Heart Dangers of Low Vitamin D Levels May Vary
Study found whites, Asians more affected than blacks, Hispanics
WebMD News Archive
By Denise Mann
TUESDAY, July 9 (HealthDay News) -- The heart risks of having low levels of vitamin D may hinge on what race or ethnicity you are, new research suggests.
Specifically, the team of scientists found it might increase heart disease risk among white or Chinese individuals, but it does not seem to pose any cardiovascular danger to black or Hispanic adults.
"We think that the differences are mainly due to biologic differences in vitamin D metabolism between race [and] ethnicity groups. However, future studies are needed to more carefully examine these potential differences," said study author Cassianne Robinson-Cohen, of the University of Washington, in Seattle. "Our results suggest that we should use caution in extrapolating results from studies conducted in European Americans to all race [and] ethnicity groups."
Vitamin D is known as the sunshine vitamin because the human body produces it when exposed to the sun's rays. In recent years, vitamin D deficiency has been linked to a host of illnesses, including heart disease, certain cancers, osteoporosis, diabetes, Alzheimer's disease, schizophrenia and some autoimmune disorders. The Institute of Medicine recommends 600 international units (IU) per day for everyone aged 1 to 70 and 800 IU a day for adults older than 70.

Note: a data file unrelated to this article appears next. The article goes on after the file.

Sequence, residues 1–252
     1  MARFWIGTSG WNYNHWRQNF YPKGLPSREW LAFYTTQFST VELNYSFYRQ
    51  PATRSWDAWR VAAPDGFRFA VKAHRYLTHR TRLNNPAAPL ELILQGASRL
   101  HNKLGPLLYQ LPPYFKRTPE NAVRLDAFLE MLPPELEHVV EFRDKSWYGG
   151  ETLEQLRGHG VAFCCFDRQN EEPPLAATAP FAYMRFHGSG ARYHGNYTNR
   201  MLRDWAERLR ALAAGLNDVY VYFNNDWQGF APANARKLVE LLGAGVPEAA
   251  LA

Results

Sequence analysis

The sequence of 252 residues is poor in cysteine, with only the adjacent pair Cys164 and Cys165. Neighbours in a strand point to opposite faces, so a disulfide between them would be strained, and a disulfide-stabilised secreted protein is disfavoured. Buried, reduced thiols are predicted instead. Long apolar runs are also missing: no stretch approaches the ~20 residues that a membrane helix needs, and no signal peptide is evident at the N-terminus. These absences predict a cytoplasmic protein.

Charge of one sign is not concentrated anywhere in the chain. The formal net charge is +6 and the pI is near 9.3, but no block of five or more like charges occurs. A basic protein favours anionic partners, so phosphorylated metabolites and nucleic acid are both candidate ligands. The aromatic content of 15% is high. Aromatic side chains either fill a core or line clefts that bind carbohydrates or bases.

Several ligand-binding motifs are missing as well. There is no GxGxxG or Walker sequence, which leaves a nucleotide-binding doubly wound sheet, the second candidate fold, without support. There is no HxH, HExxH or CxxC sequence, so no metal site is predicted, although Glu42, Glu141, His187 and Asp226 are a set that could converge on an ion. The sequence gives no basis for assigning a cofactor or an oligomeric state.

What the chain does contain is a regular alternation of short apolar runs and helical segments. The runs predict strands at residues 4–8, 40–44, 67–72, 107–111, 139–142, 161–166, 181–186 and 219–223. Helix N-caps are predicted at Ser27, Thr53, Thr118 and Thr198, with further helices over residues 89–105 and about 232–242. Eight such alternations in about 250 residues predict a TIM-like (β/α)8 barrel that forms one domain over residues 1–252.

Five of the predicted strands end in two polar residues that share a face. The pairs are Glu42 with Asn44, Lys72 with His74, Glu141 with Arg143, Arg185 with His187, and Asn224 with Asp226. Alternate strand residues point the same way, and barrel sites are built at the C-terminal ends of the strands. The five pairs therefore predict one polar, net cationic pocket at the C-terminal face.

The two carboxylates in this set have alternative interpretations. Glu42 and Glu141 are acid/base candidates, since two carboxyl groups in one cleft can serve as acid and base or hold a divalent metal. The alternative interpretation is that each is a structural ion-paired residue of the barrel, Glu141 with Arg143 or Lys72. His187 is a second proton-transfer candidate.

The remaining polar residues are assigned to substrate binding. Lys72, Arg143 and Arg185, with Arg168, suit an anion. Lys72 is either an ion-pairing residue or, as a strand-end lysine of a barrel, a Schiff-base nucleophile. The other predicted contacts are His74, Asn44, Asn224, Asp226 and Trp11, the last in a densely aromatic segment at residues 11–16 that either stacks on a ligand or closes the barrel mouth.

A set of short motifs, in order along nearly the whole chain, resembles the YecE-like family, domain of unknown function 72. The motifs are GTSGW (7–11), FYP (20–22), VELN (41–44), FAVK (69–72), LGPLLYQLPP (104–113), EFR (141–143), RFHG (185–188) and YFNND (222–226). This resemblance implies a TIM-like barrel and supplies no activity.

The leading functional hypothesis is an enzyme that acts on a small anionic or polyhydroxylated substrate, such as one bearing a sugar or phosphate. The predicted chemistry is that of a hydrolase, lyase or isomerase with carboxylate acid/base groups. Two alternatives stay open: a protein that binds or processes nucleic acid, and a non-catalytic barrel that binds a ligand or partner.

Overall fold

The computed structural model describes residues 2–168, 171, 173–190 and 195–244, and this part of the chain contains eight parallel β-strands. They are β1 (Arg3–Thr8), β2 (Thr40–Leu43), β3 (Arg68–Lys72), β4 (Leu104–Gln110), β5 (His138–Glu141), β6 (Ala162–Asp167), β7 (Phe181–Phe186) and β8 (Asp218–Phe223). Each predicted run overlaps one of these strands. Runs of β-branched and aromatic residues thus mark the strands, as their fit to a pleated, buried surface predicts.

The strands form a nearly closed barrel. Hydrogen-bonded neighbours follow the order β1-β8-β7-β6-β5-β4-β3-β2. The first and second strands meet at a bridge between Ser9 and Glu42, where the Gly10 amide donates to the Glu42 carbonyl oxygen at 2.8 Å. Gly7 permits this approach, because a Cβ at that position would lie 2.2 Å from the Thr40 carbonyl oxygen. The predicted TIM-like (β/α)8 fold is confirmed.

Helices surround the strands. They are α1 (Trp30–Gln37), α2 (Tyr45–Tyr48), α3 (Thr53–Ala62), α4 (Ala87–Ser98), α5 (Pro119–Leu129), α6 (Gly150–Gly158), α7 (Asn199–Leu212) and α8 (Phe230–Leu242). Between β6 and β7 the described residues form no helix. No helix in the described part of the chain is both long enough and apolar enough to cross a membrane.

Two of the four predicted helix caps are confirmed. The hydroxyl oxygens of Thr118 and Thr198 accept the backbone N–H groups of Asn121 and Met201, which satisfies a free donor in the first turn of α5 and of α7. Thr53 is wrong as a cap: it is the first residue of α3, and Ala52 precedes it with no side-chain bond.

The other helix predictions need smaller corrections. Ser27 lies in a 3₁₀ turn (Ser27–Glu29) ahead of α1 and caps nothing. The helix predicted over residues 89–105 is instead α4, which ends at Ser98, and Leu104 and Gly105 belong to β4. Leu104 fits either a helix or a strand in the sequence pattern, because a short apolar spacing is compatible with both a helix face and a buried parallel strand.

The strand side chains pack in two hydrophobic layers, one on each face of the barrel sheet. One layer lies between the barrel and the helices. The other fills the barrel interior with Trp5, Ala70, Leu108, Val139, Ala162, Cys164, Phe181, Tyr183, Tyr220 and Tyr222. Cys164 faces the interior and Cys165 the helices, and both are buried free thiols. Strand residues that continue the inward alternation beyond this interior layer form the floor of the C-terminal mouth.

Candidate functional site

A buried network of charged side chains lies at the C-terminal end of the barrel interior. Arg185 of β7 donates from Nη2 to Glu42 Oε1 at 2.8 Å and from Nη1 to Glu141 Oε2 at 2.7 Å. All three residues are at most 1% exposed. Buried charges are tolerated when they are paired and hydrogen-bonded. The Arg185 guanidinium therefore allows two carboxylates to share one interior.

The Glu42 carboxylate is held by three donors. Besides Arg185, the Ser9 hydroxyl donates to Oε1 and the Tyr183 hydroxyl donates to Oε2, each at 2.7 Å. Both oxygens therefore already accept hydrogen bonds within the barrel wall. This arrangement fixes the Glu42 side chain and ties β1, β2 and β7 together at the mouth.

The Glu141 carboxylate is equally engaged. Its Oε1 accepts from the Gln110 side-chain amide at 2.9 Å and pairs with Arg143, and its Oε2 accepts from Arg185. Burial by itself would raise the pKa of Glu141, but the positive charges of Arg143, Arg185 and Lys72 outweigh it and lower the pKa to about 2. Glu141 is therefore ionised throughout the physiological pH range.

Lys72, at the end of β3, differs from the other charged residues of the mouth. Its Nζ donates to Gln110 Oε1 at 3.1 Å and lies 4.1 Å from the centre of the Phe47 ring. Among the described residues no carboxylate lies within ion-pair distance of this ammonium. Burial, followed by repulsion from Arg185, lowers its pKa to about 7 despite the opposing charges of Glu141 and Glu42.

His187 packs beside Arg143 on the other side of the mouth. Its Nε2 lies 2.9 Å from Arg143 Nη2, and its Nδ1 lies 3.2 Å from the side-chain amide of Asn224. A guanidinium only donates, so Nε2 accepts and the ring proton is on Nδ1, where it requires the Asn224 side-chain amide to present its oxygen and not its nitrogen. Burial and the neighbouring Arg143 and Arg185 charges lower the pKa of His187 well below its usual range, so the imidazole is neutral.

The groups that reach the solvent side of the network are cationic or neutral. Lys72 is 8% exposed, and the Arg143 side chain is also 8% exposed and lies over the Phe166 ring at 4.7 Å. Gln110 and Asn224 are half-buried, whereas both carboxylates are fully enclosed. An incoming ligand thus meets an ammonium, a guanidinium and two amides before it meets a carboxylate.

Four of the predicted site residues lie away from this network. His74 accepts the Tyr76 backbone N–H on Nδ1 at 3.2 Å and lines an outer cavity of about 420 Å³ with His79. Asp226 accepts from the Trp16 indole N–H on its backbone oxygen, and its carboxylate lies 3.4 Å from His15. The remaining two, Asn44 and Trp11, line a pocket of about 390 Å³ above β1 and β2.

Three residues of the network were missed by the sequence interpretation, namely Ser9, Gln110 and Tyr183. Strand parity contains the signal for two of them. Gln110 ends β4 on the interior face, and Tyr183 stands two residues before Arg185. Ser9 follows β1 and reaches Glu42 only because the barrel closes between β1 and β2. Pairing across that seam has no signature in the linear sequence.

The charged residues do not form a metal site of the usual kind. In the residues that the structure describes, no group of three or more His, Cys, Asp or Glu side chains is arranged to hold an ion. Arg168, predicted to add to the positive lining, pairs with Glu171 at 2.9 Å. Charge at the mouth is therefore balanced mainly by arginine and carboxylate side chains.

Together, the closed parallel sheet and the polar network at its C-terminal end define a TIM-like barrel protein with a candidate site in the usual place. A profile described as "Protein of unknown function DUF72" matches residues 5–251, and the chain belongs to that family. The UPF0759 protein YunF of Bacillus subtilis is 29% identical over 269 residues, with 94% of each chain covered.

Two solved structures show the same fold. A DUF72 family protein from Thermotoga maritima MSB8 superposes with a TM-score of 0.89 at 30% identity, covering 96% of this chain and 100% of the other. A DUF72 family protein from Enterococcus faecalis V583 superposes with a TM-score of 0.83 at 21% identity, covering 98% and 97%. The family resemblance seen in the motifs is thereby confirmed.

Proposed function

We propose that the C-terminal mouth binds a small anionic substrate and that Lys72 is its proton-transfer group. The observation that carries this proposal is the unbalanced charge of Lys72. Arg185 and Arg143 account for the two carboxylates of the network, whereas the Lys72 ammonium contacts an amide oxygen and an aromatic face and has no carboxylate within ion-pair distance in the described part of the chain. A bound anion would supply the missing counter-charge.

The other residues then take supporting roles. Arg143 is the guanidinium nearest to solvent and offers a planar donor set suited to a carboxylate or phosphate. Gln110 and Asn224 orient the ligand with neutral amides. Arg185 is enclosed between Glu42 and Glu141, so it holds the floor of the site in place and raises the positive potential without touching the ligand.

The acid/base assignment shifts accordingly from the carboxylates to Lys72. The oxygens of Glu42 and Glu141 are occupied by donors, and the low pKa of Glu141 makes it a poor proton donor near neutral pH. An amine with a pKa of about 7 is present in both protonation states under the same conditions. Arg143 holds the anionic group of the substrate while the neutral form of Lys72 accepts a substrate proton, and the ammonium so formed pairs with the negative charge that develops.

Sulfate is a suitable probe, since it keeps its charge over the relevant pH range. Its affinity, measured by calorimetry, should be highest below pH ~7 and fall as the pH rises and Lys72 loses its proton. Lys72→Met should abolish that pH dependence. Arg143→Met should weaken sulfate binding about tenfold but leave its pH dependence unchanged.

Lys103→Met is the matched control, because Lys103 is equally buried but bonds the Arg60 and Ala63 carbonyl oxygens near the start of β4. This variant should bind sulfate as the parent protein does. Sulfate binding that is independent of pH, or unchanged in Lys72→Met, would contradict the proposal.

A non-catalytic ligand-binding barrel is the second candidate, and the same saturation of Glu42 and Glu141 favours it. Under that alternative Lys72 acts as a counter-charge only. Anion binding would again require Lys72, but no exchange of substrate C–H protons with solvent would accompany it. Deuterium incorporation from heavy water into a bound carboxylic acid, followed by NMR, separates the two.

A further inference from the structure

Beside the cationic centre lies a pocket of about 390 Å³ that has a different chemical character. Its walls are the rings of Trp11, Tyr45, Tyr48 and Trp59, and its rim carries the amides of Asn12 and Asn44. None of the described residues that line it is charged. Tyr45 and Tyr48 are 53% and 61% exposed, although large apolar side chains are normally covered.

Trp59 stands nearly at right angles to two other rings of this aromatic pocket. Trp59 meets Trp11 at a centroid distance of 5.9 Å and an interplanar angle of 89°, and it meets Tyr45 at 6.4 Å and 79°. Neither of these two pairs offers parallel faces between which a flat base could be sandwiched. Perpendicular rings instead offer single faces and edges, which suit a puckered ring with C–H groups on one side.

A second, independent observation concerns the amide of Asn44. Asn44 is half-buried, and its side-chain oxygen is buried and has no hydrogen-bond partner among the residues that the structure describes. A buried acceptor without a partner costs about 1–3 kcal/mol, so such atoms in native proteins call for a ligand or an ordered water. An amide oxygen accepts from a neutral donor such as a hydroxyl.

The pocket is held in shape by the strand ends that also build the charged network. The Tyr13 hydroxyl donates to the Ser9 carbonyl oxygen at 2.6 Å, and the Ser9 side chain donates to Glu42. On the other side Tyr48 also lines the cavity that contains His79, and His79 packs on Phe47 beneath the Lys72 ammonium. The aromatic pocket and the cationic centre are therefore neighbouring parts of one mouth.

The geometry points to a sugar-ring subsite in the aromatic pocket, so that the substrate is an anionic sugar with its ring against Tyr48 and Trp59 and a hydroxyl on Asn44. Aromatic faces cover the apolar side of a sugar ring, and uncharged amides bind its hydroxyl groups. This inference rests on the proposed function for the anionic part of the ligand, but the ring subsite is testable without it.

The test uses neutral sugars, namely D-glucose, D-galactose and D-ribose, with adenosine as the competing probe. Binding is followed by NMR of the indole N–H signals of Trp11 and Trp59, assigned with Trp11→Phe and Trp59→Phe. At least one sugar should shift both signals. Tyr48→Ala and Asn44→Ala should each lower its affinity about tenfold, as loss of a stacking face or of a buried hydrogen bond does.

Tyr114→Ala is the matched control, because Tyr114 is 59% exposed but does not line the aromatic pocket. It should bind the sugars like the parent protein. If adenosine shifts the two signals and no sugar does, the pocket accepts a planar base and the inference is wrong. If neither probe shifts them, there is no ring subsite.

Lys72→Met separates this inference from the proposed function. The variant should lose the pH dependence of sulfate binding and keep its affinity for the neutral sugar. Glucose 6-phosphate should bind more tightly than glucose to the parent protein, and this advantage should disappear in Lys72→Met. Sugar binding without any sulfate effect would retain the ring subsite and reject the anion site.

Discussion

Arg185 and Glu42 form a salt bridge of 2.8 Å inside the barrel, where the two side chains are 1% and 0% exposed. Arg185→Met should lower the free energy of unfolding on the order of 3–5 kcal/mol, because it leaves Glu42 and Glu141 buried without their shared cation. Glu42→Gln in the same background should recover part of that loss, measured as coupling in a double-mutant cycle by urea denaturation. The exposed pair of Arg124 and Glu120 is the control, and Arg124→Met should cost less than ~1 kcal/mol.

In the study, researchers measured vitamin D levels among more than 6,400 people of different ethnic backgrounds. None had evidence of heart disease when the study began.
After more than eight years of follow-up, 361 participants had had a heart attack or another heart-related event. White people were 26 percent more likely to experience a heart-related event for every drop in vitamin D levels of 10 nanograms per milliliter of blood (ng/mL), and Chinese people showed a 67 percent higher risk for the same drop. However, the same relationship was not seen among black and Hispanic people in the study.
Dr. Keith Norris, an associate professor of medicine at the David Geffen School of Medicine at University of California, Los Angeles, co-wrote an editorial accompanying the new study.
"This study brings up some interesting ideas about vitamin D and heart disease, and how it may differ in different populations," he said.